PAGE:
Unique photographs on silver from the 1950s and 1960s
from Nonesuch Expeditions


1969 March - Sparrow Cove, Falkland Islands [Malvinas]. Two huge wooden masts of the Great Britain. These masts said to be the largest of their kind ever made were on the hulk of the old sailing ship Great Britain converted from a steamship in the early 1880s.The foremast here is 95 feet high and weighs 18 tonnes. Above this and mounted through the eye at the top was a foretopmast of 54 feet and above that a fore t'gallant and royal mast of another 54 feet. Truly an enormous structure. Behind is the main mast 95 feet and 19 tonnes with a mainmast yard made from iron 105 feet long and weighing almost 3 tonnes. The top of the mizzen mast 79.5 feet high is just visible at the bottom of the picture behind the mainmast.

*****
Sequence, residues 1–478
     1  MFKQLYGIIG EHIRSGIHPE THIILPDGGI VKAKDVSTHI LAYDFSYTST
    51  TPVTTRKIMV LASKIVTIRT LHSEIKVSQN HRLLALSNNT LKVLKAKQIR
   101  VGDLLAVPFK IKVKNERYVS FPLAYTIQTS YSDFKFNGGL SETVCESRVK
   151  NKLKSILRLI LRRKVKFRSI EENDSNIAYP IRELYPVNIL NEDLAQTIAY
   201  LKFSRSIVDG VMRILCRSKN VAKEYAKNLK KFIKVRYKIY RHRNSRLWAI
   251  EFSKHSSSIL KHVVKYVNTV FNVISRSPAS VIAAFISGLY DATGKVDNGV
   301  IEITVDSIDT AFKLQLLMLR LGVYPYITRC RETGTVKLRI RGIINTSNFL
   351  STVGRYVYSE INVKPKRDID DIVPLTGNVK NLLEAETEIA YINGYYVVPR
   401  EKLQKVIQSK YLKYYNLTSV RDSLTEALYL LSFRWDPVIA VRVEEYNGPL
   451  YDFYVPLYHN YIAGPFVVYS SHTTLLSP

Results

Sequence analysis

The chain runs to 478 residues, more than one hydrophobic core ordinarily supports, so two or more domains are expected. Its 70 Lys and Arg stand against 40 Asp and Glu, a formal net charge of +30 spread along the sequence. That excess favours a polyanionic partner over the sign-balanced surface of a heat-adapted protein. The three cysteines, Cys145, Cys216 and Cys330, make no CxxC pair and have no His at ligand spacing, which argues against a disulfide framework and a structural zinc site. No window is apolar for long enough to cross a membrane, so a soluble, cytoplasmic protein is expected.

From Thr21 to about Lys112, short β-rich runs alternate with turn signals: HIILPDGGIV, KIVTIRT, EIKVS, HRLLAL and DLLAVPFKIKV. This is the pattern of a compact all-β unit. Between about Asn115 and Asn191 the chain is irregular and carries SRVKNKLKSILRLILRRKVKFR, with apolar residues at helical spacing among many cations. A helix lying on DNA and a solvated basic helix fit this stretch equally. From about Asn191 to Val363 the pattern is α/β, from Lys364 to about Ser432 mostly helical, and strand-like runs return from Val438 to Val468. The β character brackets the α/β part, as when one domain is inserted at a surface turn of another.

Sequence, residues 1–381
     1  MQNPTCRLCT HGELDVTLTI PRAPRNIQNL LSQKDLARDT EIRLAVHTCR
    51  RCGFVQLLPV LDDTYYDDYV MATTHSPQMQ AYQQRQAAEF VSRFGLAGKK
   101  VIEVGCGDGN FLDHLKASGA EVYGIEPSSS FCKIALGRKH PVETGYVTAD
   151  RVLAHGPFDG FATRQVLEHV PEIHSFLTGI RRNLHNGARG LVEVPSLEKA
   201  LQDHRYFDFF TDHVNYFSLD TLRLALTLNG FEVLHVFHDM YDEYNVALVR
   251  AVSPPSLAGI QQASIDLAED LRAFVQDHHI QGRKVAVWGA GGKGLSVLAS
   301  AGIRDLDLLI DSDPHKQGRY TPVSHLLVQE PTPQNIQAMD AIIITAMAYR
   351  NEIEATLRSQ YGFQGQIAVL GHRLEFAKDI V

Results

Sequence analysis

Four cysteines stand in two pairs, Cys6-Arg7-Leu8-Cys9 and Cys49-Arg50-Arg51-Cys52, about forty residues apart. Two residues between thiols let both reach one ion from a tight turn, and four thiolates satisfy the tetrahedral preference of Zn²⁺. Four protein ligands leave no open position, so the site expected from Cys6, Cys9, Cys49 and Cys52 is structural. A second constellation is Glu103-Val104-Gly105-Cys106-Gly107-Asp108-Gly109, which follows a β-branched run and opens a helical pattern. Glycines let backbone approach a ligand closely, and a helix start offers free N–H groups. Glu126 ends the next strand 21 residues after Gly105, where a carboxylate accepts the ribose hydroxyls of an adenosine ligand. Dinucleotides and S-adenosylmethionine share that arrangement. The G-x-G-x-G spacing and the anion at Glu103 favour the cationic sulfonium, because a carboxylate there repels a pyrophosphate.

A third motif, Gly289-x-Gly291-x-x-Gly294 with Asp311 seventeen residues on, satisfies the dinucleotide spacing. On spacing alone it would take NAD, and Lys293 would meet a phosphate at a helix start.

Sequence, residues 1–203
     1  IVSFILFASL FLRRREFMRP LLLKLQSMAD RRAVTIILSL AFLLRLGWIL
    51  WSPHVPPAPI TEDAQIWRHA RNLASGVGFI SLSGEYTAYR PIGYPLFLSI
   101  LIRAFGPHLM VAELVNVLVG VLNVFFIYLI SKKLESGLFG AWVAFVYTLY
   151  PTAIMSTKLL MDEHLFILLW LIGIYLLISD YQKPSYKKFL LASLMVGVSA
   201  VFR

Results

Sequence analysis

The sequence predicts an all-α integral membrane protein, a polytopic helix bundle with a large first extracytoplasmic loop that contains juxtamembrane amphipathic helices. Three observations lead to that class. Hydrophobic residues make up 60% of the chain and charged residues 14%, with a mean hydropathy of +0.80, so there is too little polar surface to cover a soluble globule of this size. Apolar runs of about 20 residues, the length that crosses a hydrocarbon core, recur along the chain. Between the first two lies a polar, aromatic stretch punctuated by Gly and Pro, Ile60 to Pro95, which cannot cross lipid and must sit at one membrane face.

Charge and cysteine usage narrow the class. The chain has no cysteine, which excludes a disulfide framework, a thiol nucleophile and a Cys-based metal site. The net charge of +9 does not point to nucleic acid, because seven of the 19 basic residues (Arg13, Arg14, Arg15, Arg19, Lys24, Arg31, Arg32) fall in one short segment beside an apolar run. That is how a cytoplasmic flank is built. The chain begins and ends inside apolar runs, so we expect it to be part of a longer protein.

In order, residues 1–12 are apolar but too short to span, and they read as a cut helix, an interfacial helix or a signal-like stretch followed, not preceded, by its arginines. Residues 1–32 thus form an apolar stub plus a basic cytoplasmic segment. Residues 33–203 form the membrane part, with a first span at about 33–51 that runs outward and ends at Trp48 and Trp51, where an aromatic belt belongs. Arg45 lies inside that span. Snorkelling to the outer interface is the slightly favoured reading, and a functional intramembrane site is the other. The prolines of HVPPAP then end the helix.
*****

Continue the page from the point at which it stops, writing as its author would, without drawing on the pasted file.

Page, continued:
Camera - Nikon F 35mm with Nikkor 28 mm F3.5 lens. Film - Kodak Plus X Pan 1/30 second F5.6. Developed by hand in Stanley in the darkroom of local photographer John Leonard using Kodak Microdol at normal dilution.

Negative - SSGB 69-06-20 © Marion Morrison

IIn 1970 the original hull designed and built by William Paterson was taken from the Falkland Islands [Malvinas] to Bristol, England. After many years the hull has now been restored and forms the basis of the splendid reconstruction of the 1843 steamship SS Great Britain, conceived by the Victorian engineer Isambard Kingdom Brunel. The masts and original rigging were cut down in the 1970 salvage.

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